Shannon Burgess’s alter ego is a velociraptor named Ralph. Discussing her involvement in furry fandom, she explains how art, community and dressing up have shaped her life.
I remember Shannon the way she looked in high school, the type of Goth girl who seemed too real for movies like “The Craft.” She wasn’t interested in short schoolgirl skirts or low-cut shirts. Instead she wore a gray trench coat and heavy eyeliner, the long hair flowing down her back a sharp contrast to the closely-cropped hair at her temples. Before that she was the girl who befriended me when I was the new kid in junior high, the one whose dad would give me a ride to school when I occasionally missed the bus. We drifted apart soon after, finding our niche in different groups of friends and rarely interacting during our subsequent years of school together.
More than 15 years later, she walks into a Starbucks on Long Island, her warmth as apparent now as it was when we were 11. We’ve seen each other only once since high school, but we’ve kept in touch through social media, developing a tentative but sincere friendship. She’s still a visual artist, just as she was when we were teenagers, and her art has led her to become part of a community at once vibrant and marginalized.
I’m talking about the group known as “furries,” a term that has made its way into the pop-culture lexicon but often serves more as punch line than descriptor. It refers to a subculture of people who dress up as anthropomorphic animals, using the costumes as a way of reinventing themselves by adopting “fursonas,” personality traits linked to the species they embody. Although the animals represented in the fandom are as varied as the members themselves, wolves, cats and foxes seem to be especially popular.
Furry fandom is a subject that I find both fascinating and woefully misrepresented by most media portrayals. Coverage is usually salacious and intended to scandalize. But that’s not the image painted by Shannon, whose Facebook posts about being a furry are light-hearted, funny and affectionate. She takes a lot of pride in representing the community, often posting links to dinosaur-themed stories as a tribute to her adopted fursona, a velociraptor named Ralph.
Realizing there is a lot more to the furry community than the mainstream news lets on, I asked Shannon if she would talk to me about her involvement in the fandom. It started about ten years ago on a social network devoted to art and art enthusiasts. “I was on DeviantArt and came across a couple of artists who were drawing anthropomorphics and furry characters,” she explains. “I was like, ‘This is really cool, how do I get into this?’ I ended up drawing my own little characters.” Her drawings quickly found an audience on DeviantArt, and that audience turned into a community.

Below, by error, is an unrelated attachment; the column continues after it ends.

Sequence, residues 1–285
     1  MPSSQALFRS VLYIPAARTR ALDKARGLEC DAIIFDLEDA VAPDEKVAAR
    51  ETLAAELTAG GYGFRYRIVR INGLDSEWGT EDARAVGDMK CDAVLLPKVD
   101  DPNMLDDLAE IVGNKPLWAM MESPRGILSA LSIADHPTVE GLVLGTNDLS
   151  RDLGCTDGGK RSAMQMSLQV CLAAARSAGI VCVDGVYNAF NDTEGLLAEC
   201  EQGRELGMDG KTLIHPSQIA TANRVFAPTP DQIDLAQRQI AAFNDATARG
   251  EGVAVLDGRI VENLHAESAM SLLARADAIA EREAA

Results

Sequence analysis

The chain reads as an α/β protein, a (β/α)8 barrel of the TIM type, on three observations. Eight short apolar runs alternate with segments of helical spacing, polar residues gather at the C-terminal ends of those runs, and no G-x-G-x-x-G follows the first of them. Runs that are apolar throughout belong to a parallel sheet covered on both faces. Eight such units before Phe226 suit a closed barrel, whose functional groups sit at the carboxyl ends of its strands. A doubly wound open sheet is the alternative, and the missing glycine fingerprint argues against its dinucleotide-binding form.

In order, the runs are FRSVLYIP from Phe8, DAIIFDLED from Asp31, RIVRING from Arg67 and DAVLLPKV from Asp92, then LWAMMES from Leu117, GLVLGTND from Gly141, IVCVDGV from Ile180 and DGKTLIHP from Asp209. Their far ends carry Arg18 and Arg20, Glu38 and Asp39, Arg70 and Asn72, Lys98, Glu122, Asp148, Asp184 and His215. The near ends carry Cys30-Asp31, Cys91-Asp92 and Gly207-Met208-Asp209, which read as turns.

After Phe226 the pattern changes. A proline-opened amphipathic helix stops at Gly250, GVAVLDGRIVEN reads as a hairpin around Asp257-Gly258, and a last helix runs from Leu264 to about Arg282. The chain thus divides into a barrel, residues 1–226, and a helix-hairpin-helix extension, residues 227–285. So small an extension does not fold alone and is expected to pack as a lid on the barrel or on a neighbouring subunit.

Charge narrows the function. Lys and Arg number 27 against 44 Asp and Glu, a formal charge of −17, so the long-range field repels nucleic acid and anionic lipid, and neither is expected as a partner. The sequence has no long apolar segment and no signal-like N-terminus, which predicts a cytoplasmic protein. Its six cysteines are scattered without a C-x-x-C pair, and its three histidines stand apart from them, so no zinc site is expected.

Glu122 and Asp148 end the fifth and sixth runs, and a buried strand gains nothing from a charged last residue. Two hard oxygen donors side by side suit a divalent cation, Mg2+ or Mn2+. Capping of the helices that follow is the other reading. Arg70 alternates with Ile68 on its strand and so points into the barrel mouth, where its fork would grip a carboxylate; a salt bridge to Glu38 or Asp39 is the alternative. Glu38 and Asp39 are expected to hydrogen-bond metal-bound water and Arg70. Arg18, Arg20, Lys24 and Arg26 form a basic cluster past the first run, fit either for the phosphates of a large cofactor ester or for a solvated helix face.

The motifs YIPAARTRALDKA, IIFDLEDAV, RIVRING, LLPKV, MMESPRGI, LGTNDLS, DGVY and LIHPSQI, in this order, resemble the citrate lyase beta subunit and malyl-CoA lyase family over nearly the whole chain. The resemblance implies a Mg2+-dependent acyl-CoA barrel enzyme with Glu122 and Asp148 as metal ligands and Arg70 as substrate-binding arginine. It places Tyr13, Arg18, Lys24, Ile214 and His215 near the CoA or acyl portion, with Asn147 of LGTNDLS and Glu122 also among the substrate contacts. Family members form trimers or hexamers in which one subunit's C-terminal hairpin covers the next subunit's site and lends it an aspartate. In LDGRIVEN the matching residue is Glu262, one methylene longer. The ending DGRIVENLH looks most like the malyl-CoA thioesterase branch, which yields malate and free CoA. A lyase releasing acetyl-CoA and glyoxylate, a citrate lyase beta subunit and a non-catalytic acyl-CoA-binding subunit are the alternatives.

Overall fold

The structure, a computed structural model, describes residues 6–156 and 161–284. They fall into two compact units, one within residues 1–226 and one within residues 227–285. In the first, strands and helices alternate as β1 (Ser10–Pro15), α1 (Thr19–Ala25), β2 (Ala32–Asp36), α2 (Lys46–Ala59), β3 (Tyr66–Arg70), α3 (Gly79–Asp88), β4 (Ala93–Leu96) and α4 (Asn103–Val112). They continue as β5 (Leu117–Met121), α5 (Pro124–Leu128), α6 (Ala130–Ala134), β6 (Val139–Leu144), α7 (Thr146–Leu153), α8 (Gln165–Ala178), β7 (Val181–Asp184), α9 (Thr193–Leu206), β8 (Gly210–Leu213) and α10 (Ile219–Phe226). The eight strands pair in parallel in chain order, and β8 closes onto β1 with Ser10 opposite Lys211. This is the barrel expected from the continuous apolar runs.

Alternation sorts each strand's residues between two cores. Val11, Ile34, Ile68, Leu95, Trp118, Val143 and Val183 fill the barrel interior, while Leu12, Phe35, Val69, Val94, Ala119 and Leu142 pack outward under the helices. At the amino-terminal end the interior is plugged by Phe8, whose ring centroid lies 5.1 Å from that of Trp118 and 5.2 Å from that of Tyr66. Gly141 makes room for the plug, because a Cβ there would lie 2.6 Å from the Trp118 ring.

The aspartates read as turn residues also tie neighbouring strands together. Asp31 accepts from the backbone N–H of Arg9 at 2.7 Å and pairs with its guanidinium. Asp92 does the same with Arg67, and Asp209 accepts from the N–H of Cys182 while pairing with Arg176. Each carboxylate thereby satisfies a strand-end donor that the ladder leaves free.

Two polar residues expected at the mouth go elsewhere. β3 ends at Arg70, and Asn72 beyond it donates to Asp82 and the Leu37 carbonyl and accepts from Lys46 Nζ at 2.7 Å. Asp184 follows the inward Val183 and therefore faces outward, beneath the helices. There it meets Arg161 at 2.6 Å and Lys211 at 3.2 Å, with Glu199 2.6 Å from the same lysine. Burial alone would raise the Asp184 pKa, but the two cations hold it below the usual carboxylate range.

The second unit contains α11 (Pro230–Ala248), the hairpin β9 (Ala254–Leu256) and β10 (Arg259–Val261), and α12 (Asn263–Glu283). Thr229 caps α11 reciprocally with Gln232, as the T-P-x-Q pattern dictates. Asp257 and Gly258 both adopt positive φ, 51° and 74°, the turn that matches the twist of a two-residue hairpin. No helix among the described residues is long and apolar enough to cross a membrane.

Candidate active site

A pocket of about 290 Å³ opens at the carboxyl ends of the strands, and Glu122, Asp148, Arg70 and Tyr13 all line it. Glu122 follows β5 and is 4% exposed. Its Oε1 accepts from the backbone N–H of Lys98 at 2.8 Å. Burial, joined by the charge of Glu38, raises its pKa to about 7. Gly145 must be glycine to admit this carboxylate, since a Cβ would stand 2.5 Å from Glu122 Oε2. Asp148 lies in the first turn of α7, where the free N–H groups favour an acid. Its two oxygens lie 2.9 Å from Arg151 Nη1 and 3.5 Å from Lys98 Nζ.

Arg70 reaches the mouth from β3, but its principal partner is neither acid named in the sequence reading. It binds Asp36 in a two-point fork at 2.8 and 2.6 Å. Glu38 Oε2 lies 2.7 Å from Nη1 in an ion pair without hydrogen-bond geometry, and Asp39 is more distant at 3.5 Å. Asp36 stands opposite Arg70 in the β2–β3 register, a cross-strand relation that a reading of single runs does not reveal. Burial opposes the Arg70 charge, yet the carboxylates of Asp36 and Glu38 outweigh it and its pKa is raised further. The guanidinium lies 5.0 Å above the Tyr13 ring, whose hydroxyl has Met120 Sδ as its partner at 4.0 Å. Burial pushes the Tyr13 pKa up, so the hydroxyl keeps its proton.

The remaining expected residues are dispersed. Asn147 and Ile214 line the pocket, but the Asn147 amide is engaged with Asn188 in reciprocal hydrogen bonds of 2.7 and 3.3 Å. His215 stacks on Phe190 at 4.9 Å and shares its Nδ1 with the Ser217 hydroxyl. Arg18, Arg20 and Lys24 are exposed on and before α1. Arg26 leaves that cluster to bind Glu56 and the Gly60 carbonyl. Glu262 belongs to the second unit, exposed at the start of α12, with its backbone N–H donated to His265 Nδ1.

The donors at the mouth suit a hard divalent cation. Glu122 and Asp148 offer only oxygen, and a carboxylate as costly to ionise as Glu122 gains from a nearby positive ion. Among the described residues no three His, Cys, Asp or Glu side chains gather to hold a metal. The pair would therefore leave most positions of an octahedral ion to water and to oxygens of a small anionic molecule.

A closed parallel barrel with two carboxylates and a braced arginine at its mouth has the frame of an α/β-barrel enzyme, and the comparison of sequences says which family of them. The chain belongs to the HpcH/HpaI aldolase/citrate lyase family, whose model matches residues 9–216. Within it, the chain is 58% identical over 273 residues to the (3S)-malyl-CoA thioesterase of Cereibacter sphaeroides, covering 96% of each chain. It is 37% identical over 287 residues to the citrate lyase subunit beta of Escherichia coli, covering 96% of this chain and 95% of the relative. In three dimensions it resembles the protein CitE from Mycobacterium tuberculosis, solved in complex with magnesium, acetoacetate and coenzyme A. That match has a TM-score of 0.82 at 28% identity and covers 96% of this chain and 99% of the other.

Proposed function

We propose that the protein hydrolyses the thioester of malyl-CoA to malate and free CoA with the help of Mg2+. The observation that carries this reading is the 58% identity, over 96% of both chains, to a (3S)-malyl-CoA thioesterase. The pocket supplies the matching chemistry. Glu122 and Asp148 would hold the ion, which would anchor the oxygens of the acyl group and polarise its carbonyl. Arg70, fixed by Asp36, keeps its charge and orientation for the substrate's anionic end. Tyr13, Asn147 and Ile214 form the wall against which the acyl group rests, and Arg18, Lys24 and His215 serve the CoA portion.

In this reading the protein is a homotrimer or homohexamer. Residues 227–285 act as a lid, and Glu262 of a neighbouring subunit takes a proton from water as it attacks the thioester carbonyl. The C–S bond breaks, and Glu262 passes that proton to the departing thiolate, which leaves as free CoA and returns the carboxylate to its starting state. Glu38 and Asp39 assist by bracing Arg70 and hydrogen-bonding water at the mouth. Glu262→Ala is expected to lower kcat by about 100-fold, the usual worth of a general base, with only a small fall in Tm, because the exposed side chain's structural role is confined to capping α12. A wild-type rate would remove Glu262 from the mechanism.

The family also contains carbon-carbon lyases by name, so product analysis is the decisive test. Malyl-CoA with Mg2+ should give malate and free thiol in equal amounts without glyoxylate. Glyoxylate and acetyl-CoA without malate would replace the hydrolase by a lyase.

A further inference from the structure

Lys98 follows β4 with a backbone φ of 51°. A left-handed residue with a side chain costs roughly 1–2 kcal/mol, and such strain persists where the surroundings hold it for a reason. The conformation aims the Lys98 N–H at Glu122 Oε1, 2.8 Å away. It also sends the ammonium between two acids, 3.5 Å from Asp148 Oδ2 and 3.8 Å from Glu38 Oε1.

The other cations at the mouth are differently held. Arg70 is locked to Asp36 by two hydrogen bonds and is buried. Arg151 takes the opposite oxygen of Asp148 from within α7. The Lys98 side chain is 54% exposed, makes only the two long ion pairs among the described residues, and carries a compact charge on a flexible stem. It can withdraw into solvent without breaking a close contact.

After chatting with a member of the fandom online, Shannon attended a local meetup where she was introduced to other furries. An afternoon spent eating barbecue, socializing and watching cartoons turned out to be a great way of dipping her toes in the water, and she felt an immediate connection to the group. That feeling was mirrored by subsequent furry meetups, her positive experience reinforced through increased exposure to their culture. “I didn’t know the whole fandom was like that—it’s just a huge group of really friendly, welcoming people who all share an interest in cartoon animals, basically.”
If that’s the true nature of furry fandom, why isn’t that the side we usually see? When furries are represented in the media, in stories such as the 2003 Vanity Fair piece “Pleasures of the Fur” or the now infamous episode of CSI where a murder investigation uncovers a series of furry orgies, the focus is almost exclusively on sex, and the costuming aspect is played up as a fetish. Is there any accuracy to that portrayal?
“Every fandom has its group that takes it to a sexual level, but that’s not the main reason that people get involved,” Shannon explains. “That’s why furries are so afraid of the media, because that’s just how it’s been portrayed.” According to her, if fetishes are a part of furry life, they are so minor as to be inconsequential. “That’s such a small segment of the population that it’s a non-issue. If that is happening, I haven’t seen it and I’ve been going to cons for years.”
Far more important to Shannon and her friends is the artistry involved in furry fandom. Many furries design fursuits for themselves and others, while some take commissions for anthropomorphic art pieces. In both cases, there is a high level of creativity and skill required. Fursuits are crafted to reflect not only the animals they represent, but also the individual personalities of those who wear them. Accordingly they are often detailed and elaborate. As an artist, this aspect is especially important for Shannon.
Developing friendships and finding acceptance within the furry community are also key parts of the fandom’s culture. “The majority of us, we’re just there to have a good time, party, hang out, dress up as animals and be silly,” she explains. That silliness fosters strong bonds, especially among those who have felt like outsiders at some point in their lives. According to Shannon, that accounts for the vast majority of furries.
“The fandom being as it is, very open, very welcoming, we have a large population of people who are very shy. They want to make friends, but they’re very guarded,” Shannon says. “The minute they put on a mask they don’t have to worry anymore because nobody can see them, and they can act up and they can do whatever they want, because nobody can see who they really are. And it’s great to see some people come out of their shells like that.”
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Writer: Irene Huhulea
Editor: Sarah Todd
Photography: Georgette Maniatis